From Organisation for Economic Co-operation and Development (OECD) statistics to the Melbourne Mercer Global Pension Index, there is extensive data measuring savings adequacy and retirement system effectiveness. While these studies provide a quantitative baseline and enable a common starting point, our goal is to look beyond quantitative measures to understand how people truly feel.
Guided by GR3 survey respondents’ retirement realities, we scrutinized the gap between saving sufficiency and sentiment and explored alternative variables to the happiness formula.
Today, many countries moving from a traditional Defined Benefit (DB) structure to a Defined Contribution (DC) model are experiencing transformational retirement reforms that are introducing confusion and doubt to savers; confusion about how the new systems work and doubt as to whether they do. While the systems themselves may be strong and the reforms directed toward public good, savers’ uncertainty erodes this critical dimension of trust.
Beyond believing that the system works, workers must understand and embrace their role within it to truly gain the value that savings structures have to offer. Here, we are defining ownership of the retirement readiness experience not as investment mastery, but instead, as a willingness to be present and engaged in one’s retirement planning.
Within the GR3 survey, we asked a range of questions to ascertain attitudes regarding ownership, and distilled the results into three themes: responsibility, choice and advice.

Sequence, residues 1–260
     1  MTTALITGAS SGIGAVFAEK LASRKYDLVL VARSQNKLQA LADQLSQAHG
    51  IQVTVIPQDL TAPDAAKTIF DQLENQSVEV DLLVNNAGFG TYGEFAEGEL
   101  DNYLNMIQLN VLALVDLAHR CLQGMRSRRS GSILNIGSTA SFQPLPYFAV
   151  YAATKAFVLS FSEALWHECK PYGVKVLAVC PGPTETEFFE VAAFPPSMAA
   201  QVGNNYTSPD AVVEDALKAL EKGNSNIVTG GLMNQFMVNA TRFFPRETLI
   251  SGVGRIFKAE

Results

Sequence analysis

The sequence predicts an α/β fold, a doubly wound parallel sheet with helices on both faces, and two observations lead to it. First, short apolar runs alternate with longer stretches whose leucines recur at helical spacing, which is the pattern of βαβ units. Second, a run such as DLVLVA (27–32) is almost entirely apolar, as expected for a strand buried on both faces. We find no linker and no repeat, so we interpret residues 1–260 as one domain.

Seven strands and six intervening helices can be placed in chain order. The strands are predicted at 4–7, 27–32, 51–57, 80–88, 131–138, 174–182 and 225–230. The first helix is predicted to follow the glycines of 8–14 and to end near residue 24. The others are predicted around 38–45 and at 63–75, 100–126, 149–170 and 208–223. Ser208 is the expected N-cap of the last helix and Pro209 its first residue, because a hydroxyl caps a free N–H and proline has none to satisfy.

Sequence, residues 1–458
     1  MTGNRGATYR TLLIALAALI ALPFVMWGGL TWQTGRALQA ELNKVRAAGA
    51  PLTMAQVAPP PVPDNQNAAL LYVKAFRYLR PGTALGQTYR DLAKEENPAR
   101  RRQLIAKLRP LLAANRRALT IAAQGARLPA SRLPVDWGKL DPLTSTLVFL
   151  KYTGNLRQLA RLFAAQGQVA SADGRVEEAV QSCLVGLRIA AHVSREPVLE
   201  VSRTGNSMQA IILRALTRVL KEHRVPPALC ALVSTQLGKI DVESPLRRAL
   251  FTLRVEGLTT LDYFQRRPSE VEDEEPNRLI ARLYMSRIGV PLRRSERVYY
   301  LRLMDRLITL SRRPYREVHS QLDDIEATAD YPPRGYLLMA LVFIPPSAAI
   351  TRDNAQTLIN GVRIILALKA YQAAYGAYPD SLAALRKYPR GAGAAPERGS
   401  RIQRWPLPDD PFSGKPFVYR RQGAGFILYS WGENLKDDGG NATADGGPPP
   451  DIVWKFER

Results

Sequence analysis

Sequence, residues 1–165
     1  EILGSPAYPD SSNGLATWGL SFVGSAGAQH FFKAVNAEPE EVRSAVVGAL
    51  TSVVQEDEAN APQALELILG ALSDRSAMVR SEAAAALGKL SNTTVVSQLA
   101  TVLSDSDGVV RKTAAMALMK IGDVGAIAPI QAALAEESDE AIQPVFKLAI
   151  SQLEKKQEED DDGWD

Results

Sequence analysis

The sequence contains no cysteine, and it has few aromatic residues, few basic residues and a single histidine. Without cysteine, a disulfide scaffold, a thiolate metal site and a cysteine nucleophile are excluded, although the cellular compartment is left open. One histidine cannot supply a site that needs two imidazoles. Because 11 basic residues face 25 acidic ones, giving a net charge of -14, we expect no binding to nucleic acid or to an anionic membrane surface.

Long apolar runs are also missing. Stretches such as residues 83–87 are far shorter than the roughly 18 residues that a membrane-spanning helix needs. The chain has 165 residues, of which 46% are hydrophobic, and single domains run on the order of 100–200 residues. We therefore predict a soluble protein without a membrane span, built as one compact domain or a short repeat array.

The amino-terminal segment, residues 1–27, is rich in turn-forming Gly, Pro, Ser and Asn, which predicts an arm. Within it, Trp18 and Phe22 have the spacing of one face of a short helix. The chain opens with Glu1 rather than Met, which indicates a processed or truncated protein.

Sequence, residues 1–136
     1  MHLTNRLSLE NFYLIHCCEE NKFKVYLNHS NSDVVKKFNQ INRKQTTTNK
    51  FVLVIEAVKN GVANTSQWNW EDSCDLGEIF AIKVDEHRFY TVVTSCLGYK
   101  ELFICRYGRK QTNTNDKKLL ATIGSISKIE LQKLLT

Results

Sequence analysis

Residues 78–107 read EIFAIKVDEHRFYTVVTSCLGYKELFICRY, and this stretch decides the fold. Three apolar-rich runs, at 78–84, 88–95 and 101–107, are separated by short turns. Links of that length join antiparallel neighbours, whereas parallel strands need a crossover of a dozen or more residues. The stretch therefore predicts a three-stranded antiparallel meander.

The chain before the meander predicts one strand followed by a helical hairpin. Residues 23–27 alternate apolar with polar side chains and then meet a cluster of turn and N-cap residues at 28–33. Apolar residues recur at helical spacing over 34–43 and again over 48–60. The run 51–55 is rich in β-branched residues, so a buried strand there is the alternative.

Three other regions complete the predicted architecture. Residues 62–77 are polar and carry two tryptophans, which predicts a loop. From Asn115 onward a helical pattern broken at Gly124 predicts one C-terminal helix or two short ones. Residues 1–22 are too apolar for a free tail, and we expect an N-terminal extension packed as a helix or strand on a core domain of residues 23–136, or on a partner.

Responsibility is the governing indicator for ownership and most evident in countries where the DC construct is well-established.
The level of savers’ choice is largely a factor of the savings system, meaning choice scores are higher in mature DC countries and lower in countries still in transition from guaranteed savings structures.Advice, however, offers unique insight. Respondents in the US, Australia and Ireland are much more likely to seek advice, and be prepared to pay for it, than those in continental Europe. This may be partly due to the legacy of the state-based European systems versus individual-centric Anglo-Saxon approaches —though advice and payment appetites don’t strictly follow this assumption, as evidenced by the UK. An interesting aside: While Swedes are reluctant to seek advice, and expect such advice to be free, they rank highest among the continental countries in terms of accepting individual responsibility for retirement saving.
Here preparedness is defined as individuals’ assessment of whether they have enough to support a comfortable retirement. What constitutes enough can be difficult to evaluate, particularly across countries; therefore, we invited respondents to rank their sense of financial preparedness for retirement. The US led with the highest ranking responses, with a third citing extreme confidence.
Accumulated assets play an important role in determining retirement readiness. But as expressed by survey respondents, people in the best-funded systems are not necessarily the happiest. Instead, savers, sponsors and societies would be better served by an examination of and investment in bettering trust, ownership, and preparedness to further confidence, empowerment, and accountability across the retirement savings complex.
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